The worms’ thinking prevent us to predict its behavior. (Worms are smarter than politicians, the latter being thoroughly predictable!)

Plato famously considered his cave, where people were described as watching shadows on a wall. That was supposed to depict the relationship between humans and reality. The image is still popular among philosophers, and so consequences of it trickle down to the masses.

Plato’s picture is interesting, and it sure applies to propaganda from the powerful, and the way it is received by most. But only as such. As a depiction of how the minds of free worms, let alone, free humans, works, it fails utterly.

However, as far as what science says, and thus, what philosophy ought to confirm, buttress, and fly from, Plato’s picture is now completely obsolete, deprived of reality and imagination.

If a network composed of only three neurons can have an internal mind of its own, a cave of its own, we have to review and change, the concept of mind.

So, what is a mind? A mind, even reduced to three neurons, a network of a mind, has its own mind. How could that be?

Minds are worlds, this is why and how they will. Let me explain.

Quantum Physics describes the behavior of Quantum Waves. Quantum Waves sort-of think (one thousand and one naïve philosophers screaming at this point).

What is thinking? Roughly, “looking”, or perceiving (somehow) what is out there, and then conducting a computation (of sorts) taking what is out there in consideration.

This is exactly what Quantum Waves do.

The roundworm, our hero of will, has 2,000 genes controlling its sense of smell (twice what the rats have, and rats have excellent olfaction). Roundworms do not hear, and do not see, they are all about smell.

That world of smell occupy (part of) their 302 neurons, and build up the rest.

Could we made a “classical” model of a three neuron network? Perhaps, in first order. Actually, even classical model, complete with guiding waves, have been partly made, not just on a computer, but experimentally… for Quantum Waves.

However, in the end, Quantum processes will be found to be non-local (because, well, they are). That will ultimately limit classical, guiding waves models of Quantum waves, Black Holes, or even Roundworms three neuron networks.

If a piece of a worm’s mind is a world, entangled with the rest of the galaxy at a distance, philosophy also has to stretch.

Some would say that whether minds are Quantum, or entangled at a distance, will not bring the bacon on the table: this is neither here, nor there, as it has no practical effects. They would be wrong. Indeed, Non-Local philosophical models, Non-local, Quantum models of thinking, will allow to stretch human understanding so far that it may end up meeting reality itself.

Patrice Ayme’


Here is much of the press release from Rockefeller University:

Analysis of worm neurons suggests how a single stimulus can trigger different responses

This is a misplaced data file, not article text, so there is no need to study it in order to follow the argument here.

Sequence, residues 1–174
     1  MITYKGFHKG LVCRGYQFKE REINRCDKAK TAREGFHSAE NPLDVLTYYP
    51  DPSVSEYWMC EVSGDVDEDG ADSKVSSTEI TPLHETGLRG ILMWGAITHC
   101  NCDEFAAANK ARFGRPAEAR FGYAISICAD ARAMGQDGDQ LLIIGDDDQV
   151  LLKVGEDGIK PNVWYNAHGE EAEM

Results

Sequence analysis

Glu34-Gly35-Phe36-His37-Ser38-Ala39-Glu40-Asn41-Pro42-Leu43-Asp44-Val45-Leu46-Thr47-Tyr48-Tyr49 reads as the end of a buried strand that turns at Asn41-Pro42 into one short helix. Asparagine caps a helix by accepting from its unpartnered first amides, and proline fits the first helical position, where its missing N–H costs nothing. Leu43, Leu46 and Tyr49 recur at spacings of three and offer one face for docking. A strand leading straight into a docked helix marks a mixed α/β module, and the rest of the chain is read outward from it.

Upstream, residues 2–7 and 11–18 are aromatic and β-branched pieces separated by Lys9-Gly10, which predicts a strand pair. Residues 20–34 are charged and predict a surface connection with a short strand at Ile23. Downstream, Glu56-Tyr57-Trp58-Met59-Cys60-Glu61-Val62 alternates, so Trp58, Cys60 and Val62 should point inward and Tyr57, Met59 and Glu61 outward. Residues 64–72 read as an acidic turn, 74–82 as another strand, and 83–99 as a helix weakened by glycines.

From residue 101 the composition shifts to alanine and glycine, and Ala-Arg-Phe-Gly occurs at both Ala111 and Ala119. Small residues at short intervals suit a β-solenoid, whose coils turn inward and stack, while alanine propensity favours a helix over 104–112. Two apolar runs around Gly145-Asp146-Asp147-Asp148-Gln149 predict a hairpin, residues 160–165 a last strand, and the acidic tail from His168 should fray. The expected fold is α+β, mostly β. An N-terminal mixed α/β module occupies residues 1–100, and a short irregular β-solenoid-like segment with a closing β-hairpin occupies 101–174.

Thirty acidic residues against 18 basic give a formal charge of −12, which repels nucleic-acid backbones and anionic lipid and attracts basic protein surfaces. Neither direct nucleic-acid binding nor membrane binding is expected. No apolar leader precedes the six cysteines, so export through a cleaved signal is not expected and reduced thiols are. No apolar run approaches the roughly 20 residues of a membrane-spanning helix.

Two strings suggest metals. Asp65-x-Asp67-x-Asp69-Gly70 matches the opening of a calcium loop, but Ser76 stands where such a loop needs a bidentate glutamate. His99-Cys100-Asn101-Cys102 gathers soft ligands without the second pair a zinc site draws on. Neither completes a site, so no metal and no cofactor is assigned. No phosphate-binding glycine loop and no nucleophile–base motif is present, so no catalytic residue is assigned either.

March 12, 2015 | Science News

Even worms have free will. If offered a delicious smell, for example, a roundworm will usually stop its wandering to investigate the source, but sometimes it won’t. Just as with humans, the same stimulus does not always provoke the same response, even from the same individual. New research at Rockefeller University, published March 12 2015, in Cell, offers a new neurological explanation for this variability, derived by studying a simple three-cell network within the roundworm brain.

Worm brain: All the neurons within this microscopic roundworm are highlighted, with the large cluster at one end representing the brain. Coelomocytes, a type of immune cell, appear as dots along the body.

“We found that the collective state of the three neurons at the exact moment an odor arrives determines the likelihood that the worm will move toward the smell. So, in essence, what the worm is thinking about at the time determines how it responds,” says study author Cori Bargmann, Torsten N. Wiesel Professor, head of the Lulu and Anthony Wang Laboratory of Neural Circuits and Behavior. “It goes to show that nervous systems aren’t passively waiting for signals from outside, they have their own internal patterns of activity that are as important as any external signal when it comes to generating a behavior.”

… By changing the activity of the neurons individually and in combination [researchers] could pinpoint each neuron’s role in generating variability in both brain activity and the behavior associated with it.

The human brain has 86 billion neurons and 100 trillion synapses, or connections, among them. The brain of the microscopic roundworm Caenorhabditis elegans, by comparison, has 302 neurons and 7,000 synapses. So while the worm’s brain cannot replicate the complexity of the human brain, scientists can use it to address tricky neurological questions that would be nearly impossible to broach in our own brains.

Worms spend their time wandering, looking for decomposing matter to eat. And when they smell it, they usually stop making random turns and travel straight toward the source. This change in behavior is initially triggered by a sensory neuron that perceives the smell and feeds that information to the network the researchers studied. As the worms pick up the alluring fruity smell of isoamyl alcohol, the neurons in the network transition into a low activity state that allows them to approach the odor. But sometimes the neurons remain highly active, and the worm continues to wander around – even though its sensory neuron has detected the odor.

By recording the activity of these neurons, Gordus and colleagues found that there were three persistent states among the three neurons: All were off, all were on, or only one, called AIB, was on. If all were off, then, when the odor signal arrived, they stayed off. If all were on, they often, but not always, shut off. And, in the third and most telling scenario, if AIB alone was active when the odor arrived, everything shut off. “This means that for AIB, context matters. If it’s on alone, its activity will drop when odor is added, but if it’s on with the rest of the network, it has difficulty dropping its activity with the others,” Gordus says.